Leon County, which previously said its schools would disregard DeSantis’ executive order and require masks, walked the requirement back on Tuesday evening after DeSantis’ threats, offering parents the opportunity to opt their children out, according to the Tallahassee Democrat.
DeSantis, for his part, has painted his opposition toward school mask mandates as a fight for parent rights, and despite the growing resistance, said on Tuesday that he would not back down.
“The Broward mask policy appears to be similar to that of Leon and Alachua, which is to say it violates the spirit of the Governor’s executive order to protect parents’ rights to choose what is best for their own children,” a spokesperson for DeSantis told Insider on Tuesday afternoon.
The governor’s office then pointed to letters Florida Education Commissioner Richard Corcoran sent Monday to school leaders in Leon and Alachua counties, threatening to withhold state funding equal to the salaries of the superintendents and school board members if they refused to follow the state order.
But despite the governor’s push for parent choice, there are options for parents who want to opt their kids out of a mask requirement, even in districts that have chosen to require them.
Florida is offering vouchers called “Hope Scholarships” to families who oppose mask mandates and instead want to enroll their child in a private school or public school that is not requiring masks. DeSantis has publicly touted the option in recent days.
Similarly, a spokesperson for Alachua County Public Schools told The Washington Post on Tuesday that a child can forgo a mask with a form signed by a qualified medical professional.
As DeSantis seemingly doubles down, the state continues to break COVID-19 case records. On August 9, Florida reported 27, 341 cases, 13,373 hospitalizations, and 122 deaths, according to The New York Times.
A Florida school board member told Gov. Ron DeSantis to “bring it” after he threatened to withhold the paychecks of school officials who set up mask mandates as the state deals with a record-breaking COVID-19 wave.
Eight of the nine members of the Broward County School Board voted to keep the school district’s mask mandate in place for students and staff despite Florida Gov. Ron DeSantis’ efforts to block schools from doing so. The board also decided to hire outside legal counsel to help challenge DeSantis’ executive orders, WSVN reported.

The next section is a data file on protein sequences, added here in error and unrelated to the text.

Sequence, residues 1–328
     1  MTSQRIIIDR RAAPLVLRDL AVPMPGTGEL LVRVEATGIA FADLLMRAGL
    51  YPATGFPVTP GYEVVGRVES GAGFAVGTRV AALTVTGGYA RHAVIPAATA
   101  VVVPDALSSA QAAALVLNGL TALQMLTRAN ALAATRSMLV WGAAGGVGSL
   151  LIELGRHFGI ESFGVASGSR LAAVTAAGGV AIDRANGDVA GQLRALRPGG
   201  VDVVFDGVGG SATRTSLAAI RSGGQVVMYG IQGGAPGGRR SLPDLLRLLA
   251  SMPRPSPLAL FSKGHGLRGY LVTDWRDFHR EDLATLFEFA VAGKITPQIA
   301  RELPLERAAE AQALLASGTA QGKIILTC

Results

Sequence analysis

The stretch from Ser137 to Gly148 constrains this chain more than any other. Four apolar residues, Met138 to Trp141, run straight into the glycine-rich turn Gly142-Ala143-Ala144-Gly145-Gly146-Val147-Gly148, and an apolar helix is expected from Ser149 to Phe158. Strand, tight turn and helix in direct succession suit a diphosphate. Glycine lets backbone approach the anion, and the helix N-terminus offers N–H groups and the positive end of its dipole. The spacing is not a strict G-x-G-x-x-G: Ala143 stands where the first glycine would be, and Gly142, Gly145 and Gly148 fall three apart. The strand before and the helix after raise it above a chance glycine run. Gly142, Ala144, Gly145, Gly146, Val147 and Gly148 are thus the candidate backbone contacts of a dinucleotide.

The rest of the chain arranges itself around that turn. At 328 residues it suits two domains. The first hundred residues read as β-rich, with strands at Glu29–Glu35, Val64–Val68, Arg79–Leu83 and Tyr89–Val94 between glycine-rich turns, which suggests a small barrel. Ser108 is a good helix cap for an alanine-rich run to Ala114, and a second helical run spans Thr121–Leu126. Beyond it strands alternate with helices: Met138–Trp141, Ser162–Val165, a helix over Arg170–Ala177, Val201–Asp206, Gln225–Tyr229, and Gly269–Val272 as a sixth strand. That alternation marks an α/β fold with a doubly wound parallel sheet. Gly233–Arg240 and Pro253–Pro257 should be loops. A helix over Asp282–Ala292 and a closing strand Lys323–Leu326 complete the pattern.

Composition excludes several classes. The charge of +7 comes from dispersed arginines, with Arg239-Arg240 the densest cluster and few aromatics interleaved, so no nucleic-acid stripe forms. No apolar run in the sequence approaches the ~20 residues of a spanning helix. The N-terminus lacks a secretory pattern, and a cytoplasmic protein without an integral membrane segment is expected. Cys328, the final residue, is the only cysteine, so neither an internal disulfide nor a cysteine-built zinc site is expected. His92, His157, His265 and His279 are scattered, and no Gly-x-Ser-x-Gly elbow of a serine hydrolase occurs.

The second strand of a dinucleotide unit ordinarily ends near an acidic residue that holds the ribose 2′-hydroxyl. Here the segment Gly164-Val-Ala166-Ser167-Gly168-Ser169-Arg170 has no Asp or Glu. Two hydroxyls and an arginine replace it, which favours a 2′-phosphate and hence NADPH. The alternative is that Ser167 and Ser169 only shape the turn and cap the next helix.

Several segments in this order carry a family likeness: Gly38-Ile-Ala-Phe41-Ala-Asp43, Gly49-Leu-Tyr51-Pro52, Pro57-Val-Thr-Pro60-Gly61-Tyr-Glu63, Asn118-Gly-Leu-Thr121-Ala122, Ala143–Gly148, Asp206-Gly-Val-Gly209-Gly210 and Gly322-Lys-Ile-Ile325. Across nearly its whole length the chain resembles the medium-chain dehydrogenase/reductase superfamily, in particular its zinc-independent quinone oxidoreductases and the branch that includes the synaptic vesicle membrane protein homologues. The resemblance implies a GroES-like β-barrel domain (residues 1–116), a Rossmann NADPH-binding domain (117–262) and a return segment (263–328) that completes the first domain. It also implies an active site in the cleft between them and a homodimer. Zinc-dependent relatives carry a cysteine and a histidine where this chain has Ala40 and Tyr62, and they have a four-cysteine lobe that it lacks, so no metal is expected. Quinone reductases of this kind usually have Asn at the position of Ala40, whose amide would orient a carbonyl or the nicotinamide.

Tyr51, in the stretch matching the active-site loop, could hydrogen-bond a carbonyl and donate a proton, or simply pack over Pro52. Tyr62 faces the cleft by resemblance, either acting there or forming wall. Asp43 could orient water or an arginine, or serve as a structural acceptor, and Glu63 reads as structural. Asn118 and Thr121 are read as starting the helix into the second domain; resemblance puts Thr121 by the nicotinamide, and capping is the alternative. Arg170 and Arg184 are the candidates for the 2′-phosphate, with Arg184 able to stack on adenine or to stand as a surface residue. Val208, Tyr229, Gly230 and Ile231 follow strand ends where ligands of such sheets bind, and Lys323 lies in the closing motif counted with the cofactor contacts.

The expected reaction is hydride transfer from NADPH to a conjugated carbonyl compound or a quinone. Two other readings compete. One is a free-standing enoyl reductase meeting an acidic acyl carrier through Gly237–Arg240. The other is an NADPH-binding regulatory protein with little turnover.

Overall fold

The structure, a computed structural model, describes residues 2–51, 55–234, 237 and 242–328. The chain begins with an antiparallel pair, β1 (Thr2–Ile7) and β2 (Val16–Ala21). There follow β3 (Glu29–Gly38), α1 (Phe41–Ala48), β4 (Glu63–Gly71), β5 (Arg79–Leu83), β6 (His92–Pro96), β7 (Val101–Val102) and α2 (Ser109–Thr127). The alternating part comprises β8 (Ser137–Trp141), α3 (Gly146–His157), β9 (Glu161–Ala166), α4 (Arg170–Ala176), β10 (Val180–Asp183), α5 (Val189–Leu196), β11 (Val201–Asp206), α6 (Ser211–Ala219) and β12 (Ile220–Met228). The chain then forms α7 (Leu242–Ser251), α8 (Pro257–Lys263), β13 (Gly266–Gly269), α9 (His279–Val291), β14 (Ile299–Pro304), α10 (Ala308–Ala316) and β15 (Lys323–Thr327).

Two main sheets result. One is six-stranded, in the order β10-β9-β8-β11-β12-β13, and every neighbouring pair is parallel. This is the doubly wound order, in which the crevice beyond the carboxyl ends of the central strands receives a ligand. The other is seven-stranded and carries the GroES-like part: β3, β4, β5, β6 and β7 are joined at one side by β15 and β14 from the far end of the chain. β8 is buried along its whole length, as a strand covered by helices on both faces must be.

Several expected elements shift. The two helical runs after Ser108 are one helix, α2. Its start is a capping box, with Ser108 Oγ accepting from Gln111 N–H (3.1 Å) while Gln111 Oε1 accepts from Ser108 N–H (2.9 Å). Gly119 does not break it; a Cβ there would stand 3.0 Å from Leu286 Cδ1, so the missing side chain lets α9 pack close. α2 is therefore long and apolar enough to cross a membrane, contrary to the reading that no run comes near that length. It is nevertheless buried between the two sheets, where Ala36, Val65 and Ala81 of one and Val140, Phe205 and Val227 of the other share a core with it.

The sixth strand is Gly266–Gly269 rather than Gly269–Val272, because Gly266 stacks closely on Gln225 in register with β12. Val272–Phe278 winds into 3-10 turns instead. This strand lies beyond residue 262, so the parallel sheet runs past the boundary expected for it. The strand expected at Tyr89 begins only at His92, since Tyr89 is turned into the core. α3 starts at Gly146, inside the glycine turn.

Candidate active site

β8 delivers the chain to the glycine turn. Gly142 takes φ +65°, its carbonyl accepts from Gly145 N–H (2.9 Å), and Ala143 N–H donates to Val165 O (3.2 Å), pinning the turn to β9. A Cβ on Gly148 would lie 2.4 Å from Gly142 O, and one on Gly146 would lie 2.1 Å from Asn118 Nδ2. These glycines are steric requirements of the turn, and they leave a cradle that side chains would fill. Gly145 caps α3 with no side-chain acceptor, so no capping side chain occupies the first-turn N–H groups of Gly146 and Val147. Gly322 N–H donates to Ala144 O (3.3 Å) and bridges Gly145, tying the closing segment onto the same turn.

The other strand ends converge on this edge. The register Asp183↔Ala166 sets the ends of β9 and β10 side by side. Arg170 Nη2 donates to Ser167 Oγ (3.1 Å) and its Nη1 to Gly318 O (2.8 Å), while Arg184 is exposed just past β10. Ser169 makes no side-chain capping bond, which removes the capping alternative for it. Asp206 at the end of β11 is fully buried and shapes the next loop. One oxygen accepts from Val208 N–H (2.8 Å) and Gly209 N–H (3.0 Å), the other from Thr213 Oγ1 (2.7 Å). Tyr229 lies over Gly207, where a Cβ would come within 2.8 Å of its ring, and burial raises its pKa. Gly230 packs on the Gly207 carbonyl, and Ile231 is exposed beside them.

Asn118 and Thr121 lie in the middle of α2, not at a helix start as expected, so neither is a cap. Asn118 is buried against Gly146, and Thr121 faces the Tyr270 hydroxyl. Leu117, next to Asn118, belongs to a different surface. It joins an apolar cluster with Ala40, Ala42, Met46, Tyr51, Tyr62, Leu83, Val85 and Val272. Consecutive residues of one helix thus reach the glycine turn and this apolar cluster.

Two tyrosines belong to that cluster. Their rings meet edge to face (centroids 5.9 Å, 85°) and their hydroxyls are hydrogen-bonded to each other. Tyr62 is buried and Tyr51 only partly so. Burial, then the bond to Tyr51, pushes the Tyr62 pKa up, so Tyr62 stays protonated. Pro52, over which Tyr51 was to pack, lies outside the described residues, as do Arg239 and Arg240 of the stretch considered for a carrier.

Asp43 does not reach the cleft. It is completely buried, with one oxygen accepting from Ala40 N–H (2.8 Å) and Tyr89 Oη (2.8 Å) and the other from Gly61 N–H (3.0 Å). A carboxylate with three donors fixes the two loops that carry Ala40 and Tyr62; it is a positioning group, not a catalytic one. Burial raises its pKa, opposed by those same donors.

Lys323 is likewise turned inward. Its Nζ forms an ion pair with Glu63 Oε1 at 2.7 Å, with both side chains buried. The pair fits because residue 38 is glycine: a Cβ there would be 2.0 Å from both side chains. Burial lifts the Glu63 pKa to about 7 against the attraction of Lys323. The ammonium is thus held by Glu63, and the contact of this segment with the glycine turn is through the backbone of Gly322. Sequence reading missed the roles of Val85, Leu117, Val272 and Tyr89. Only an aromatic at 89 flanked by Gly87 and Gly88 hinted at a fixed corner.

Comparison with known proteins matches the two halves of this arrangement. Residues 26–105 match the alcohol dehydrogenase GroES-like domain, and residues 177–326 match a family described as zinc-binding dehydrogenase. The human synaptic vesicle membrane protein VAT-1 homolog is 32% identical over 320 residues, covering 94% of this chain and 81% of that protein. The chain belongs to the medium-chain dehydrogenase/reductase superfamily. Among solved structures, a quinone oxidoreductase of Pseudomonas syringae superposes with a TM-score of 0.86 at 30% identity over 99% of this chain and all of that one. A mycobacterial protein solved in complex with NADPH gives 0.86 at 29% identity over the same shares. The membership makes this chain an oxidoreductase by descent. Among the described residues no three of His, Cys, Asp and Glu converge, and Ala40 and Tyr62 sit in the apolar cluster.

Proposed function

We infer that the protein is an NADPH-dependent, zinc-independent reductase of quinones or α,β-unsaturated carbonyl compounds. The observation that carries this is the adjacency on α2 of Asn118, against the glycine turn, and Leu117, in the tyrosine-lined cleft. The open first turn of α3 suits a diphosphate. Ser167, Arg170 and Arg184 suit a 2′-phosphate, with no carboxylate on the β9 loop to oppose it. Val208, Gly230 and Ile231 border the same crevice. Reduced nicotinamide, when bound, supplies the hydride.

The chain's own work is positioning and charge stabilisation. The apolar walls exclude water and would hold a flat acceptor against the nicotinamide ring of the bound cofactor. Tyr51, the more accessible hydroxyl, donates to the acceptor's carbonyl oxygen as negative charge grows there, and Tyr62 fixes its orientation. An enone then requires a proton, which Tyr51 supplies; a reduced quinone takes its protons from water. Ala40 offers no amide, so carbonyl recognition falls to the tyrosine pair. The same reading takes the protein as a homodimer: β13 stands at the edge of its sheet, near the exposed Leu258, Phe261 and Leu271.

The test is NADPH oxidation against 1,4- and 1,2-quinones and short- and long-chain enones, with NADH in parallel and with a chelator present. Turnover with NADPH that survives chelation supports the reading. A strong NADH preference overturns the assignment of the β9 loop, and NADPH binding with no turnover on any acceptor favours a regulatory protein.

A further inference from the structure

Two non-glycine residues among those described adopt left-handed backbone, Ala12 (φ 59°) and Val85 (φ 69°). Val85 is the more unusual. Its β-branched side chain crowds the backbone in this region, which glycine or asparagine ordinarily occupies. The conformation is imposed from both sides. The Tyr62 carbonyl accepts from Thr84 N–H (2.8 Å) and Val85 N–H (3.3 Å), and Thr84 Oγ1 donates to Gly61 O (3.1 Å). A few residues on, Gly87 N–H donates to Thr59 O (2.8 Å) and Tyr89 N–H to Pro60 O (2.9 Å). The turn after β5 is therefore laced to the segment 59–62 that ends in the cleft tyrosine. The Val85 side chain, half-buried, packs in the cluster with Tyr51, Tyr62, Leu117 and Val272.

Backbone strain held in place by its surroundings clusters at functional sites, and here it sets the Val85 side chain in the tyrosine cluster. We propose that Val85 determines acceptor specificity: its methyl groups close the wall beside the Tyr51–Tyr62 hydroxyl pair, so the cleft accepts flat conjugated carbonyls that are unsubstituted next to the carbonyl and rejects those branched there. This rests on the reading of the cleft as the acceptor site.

“Standing up for our students and our families is part of our job,” board member Nora Rupert said during the meeting Tuesday afternoon. “Being afraid that we’re going to lose our job – be removed from office, fined, lose our salary – bring it. Bring it. Because when you put that out there it makes me work harder for our school children and our families.”
“The Broward mask policy appears to be similar to that of Leon and Alachua, which is to say it violates the spirit of the Governor’s executive order to protect parents’ rights to choose what is best for their own children,” a spokesperson for DeSantis told Insider.
DeSantis’ office on Tuesday pointed toward letters Florida Education Commissioner Richard Corcoran sent Monday to school leaders in Leon and Alachua counties, threatening to withhold state funding equal to the salaries of the superintendents and school board members if they refused to comply with the state order.
All nine of the board members at the meeting spoke out against DeSantis’ actions, according to Local10 reporter Hatzel Vela. One board member said DeSantis’ actions were “dictatorial,” Vela reported.
Demonstrators both in favor and against masking requirements clashed outside the school board meeting Tuesday, according to WSVN.
“Wearing masks inside schools regardless of vaccine status is required to deal with the changing realities of virus transmission. It is a necessary precaution until children under 12 can receive a COVID-19 vaccination and more Americans 12 and older get vaccinated,” Broward Teachers Union President Anna Fusco said in a statement, according to Local10.
“We continue to be concerned about this variant, but our No. 1 priority remains a safe in-person school year in schools that can stay open,” she added.
On August 9, he released a statement to local CBS affiliate CBS Miami, saying that school board members and superintendents who defy his executive order will face “financial consequences.”
“The State Board of Education could move to withhold the salary of the district superintendent or school board members, as a narrowly tailored means to address the decision-makers who led to the violation of law,” the statement read.
The statement added that the governor’s priorities are “protecting parents’ rights and ensuring that every student has access to a high-quality education that meets their unique needs.”